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So I was dumb first off by not noticing that I had 2 SATA cords in my Mobo box (first time building a computer from scratch) so I hooked my New internal hard drive into my old computer to install windows 7 onto it then move it back to the original case.

Before I moved it back I made sure to install the drivers for my graphics card also. So I know the OS is fine in one case, but won't work in the other.

I made sure that everything was in it's correct spot and secured. Unfortunately I keep getting a startup problem. Everytime I turn the tower on, it shows my Graphics Card screen like normal. Then suggest that I run Startup Repair. Starting windows normally just brings me back too the same screen. While attempting to repair it suggests I do a system restore, but it does nothing.

This process just keeps repeating itself. My System specs are below.

Graphics Card:XFX Radeon HD 6950 2GB

Case:Rosewill BLACKHAWK

Internal HDD: Seagate Barracuda 1TB

RAM: Corsair XMS3 4GB (x2)

CPU: Intel core i7 2600

Power Supply: Diablotek UL Series PSUL675 675W ATX

Mobo: ASRock z68 Extreme3 Gen3 LGA 1155 Intel z68

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Seems like the clean, simple solution is to just redo the Win install with the proper motherboard and HDD. "Installing Windows" does not mean that you're just coping stuff from the DVD to the hard drive. The installation is also determining & saving the system configuration. If you have a System Builder/OEM version of Win7, then hopefully you didn't activate your copy yet. – sawdust May 9 '12 at 0:23
Well I didn't copy it, but I think I understand what you're saying. Edit: So I tried reinstalling the OS again but it's just stuck going to Startup Repair. – Alex Helfery May 9 '12 at 0:41
WHERE did you reinstall the OS? With the hard drive in the new computer for the installation? Or did you just repeat the steps you performed the first time? What he was saying, is that without following some specific steps, you cannot just install Windows 7 on a hard drive on one computer, and then just swap the drive into another computer and expect it to work. – Bon Gart May 9 '12 at 0:58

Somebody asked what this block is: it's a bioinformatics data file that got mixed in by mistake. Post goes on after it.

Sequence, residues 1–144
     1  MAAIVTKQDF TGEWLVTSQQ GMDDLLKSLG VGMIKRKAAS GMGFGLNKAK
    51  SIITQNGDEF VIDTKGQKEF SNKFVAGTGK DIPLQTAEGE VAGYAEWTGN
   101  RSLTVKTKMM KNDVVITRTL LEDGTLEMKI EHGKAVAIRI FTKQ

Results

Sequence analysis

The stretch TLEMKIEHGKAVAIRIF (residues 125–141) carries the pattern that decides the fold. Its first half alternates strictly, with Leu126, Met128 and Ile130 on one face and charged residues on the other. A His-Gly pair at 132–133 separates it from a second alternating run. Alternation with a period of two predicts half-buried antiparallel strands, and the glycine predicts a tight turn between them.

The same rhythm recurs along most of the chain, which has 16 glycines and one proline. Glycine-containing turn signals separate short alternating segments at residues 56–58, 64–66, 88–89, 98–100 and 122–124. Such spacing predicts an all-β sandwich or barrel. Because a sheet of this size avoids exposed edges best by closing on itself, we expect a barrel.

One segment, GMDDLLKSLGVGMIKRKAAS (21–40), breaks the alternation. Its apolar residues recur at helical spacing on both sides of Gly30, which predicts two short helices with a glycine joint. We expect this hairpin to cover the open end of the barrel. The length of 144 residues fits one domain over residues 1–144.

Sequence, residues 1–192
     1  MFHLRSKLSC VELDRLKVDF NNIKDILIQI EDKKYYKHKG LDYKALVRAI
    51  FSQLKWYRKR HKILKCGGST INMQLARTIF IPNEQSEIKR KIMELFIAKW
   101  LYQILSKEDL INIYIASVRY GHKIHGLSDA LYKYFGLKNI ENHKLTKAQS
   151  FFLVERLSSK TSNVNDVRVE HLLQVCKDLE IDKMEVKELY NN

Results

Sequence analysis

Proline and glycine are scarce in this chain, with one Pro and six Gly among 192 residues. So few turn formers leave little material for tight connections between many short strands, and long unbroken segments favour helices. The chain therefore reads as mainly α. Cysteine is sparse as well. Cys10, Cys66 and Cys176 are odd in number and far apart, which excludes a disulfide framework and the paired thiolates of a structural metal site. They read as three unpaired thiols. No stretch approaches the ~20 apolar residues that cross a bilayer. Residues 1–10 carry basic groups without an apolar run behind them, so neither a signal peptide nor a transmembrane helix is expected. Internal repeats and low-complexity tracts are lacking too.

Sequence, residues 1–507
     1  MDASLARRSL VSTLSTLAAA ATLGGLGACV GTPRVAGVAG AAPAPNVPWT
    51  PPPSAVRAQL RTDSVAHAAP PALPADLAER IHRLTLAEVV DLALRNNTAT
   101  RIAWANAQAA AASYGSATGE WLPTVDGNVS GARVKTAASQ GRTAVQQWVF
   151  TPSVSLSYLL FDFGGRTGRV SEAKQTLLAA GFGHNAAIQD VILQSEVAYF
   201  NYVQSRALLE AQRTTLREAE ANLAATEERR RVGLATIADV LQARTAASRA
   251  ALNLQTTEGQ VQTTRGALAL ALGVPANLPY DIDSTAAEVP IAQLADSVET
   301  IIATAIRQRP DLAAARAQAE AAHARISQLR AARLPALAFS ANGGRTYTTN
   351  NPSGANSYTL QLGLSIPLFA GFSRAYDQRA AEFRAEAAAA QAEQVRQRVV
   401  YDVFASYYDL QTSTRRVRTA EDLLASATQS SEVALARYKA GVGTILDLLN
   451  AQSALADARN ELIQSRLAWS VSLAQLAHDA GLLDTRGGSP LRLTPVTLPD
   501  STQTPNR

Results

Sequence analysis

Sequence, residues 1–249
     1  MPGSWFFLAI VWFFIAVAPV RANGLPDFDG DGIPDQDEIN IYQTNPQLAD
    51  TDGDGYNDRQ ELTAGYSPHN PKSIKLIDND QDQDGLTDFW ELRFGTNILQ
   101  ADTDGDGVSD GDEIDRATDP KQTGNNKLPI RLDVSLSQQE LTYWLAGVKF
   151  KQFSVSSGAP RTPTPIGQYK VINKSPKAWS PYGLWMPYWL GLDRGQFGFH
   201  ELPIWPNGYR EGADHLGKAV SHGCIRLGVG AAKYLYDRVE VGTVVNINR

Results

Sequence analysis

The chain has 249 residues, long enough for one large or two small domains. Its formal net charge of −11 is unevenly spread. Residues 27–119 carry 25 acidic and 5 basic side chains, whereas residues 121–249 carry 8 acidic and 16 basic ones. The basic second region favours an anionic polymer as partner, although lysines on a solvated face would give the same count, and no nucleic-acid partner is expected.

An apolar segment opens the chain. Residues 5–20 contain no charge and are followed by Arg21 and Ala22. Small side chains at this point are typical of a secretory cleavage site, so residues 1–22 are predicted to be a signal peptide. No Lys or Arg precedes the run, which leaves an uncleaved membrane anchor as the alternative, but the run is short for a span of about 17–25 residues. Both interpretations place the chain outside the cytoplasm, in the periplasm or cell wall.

Try deleting any partitions. Sometimes I resort to zeroing out the first couple of cylinders using a Seagate or WD utility. – sawdust May 9 '12 at 0:59

If you want to insist on having the hard drive in one computer to install Windows on it, and then move the hard drive to another computer to use the installation, you will have to use the Windows tool called Sysprep.

After you install Windows with the drive in the old computer, follow these steps BEFORE you pull the drive out.

  1. Run Command Prompt as administrator
  2. Type to Command Prompt: %windir%\System32\Sysprep\Sysprep.exe, and hit Enter
  3. In sysprep dialog that opens, choose System Cleanup Action as Enter System Out-of-Box-Experience (OOBE), select Generalize, select Shutdown Options Shutdown. Click OK
  4. Sysprep generalizes now your Windows 7 setup and shuts down your computer.

At this point, remove the drive from the first computer, and put it in the second one.

  1. Boot the PC from sysprep generalized hard disk. You will notice Windows booting as if it was the first boot after installation, installing default and updating registry. One or two reboots are needed, depending on your system specifications
  2. When Windows finally boots up, you will need to enter all information as if this really was a new, fresh installation

That should work just fine.

Otherwise, put the hard drive in the new computer, and install Windows 7 fresh on the drive from there.

share|improve this answer
Thanks I'll try that in a little bit Bon. Been trying different options on other forums for 7 hours. So I need a break first. – Alex Helfery May 9 '12 at 3:07

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